Dialogue with the Past
Among all the societies where Jews have lived, America has been least conducive to maintaining a sense of the past. A building from thirty years ago can be a historic landmark; kitchenware from forty years ago qualifies as antique. Objects from the past are allowed to have a fashionable revival but ideas, stories, and concepts from the past are considered outmoded.
The culture of newness is not new in America, and it has been good for Jews as people. New arrivals tend not to be treated according to their background but welcomed according to their present condition and future outlook. Most Jews who came to America were happy to forget the old country and move forward in the new land. But what has been good for Jews as individuals has often not been good for Judaism. Abraham Joshua Heschel wrote:
Without solidarity with our fathers, the solidarity with our brothers will remain feeble. The vertical unity of Israel [meaning the Jews as a nation] is essential to the horizontal unity of klal yisrael [the Jewish people as a whole]… Survival of Israel means that we carry on our independent dialogue with the past… By treating lightly that which has been created throughout the ages, we can easily forfeit that which is spiritually reliable. (“To Be a Jew: What is It?” in Moral Grandeur and Spiritual Audacity)
Heschel perhaps had in mind the words of this week’s Torah reading:
Remember the days of old
Consider the years of ages past
Ask your father, and he shall tell you
Your elders, and they shall declare it to you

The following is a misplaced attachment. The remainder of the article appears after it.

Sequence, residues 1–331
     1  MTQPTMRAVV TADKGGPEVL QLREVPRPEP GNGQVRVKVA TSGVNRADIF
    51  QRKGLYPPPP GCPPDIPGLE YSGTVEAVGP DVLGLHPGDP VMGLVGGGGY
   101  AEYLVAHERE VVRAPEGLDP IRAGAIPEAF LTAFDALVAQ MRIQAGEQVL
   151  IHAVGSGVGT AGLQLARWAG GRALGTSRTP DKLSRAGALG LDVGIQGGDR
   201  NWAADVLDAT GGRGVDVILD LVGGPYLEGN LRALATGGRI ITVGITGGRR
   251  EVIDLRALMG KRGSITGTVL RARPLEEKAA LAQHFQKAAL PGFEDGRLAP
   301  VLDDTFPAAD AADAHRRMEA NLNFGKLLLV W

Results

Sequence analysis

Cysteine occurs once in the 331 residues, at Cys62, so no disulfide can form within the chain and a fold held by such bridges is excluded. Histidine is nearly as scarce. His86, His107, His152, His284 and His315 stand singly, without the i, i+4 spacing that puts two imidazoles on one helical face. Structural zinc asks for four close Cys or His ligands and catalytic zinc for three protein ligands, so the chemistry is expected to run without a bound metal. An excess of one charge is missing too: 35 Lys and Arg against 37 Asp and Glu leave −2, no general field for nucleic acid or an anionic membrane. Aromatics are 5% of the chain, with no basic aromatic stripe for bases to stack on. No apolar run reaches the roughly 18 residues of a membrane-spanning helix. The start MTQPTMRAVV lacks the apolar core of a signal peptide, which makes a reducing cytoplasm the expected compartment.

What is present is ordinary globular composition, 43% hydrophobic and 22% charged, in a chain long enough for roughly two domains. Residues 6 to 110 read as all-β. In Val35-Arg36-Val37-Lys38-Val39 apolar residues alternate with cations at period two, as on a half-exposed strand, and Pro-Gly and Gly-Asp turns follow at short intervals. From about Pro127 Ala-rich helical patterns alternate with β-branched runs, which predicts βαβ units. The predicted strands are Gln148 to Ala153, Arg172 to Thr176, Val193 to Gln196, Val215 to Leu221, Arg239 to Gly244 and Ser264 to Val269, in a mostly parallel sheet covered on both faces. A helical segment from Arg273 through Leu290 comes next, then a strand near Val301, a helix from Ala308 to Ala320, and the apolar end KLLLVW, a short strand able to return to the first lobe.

Forgetting the past is not a problem only in our day. The Torah, in this week’s parashahh, records Moses saying these words to his people in order to ensure that the story of God’s protection of the Israelites would continue to be told. The telling of the story was necessary in order to awaken in every generation a sense of gratitude to God Who “Found them in a wilderness land, a waste, a howling desert, and guarded them like the pupil of His eye, like an eagle protecting its nest.” (Deuteronomy 32:10-11)
This week’s parashahh falls between Rosh Hashanah and Yom Kippur. These are times for remembering. Rosh Hashanah is also known by the name Yom Ha-Zikaron, the Day of Remembrance — as is often repeated in the Mahzor, a day of asking God to remember, to record us in the book of life. Yom Kippur is also connected with remembrance — among other reasons, because of Yizkor, the memorial prayer for the dead.
Yet Rosh Hashanah and Yom Kippur do not substitute for “asking our elders and they shall declare it to you.” Younger generations need to seek the teachings of Judaism from older generations; older generations need to tell their teachings to the younger. In order for this to work, elders need to overcome any preconceptions that the young are not interested, and the young need to overcome any preconceptions that the elders are not interesting. Elders who feel that they themselves have not received enough stories and traditions to transmit can encourage their young people seek out people and books from whom they can learn.
The High Holy Days do not do their work if we limit ourselves to personal introspection. These days can only be effective for Jews as a people if we seek what Heschel called the vertical unity of Israel — the connection with those who have come before us. Judaism cannot be stuck in the past, but neither can it discard it. Tomorrow makes sense only in the context of yesterday.
The publication and distribution of the JTS KOLLOT: Voices of Learning commentary has been made possible by a generous gift from Sam and Marilee Susi.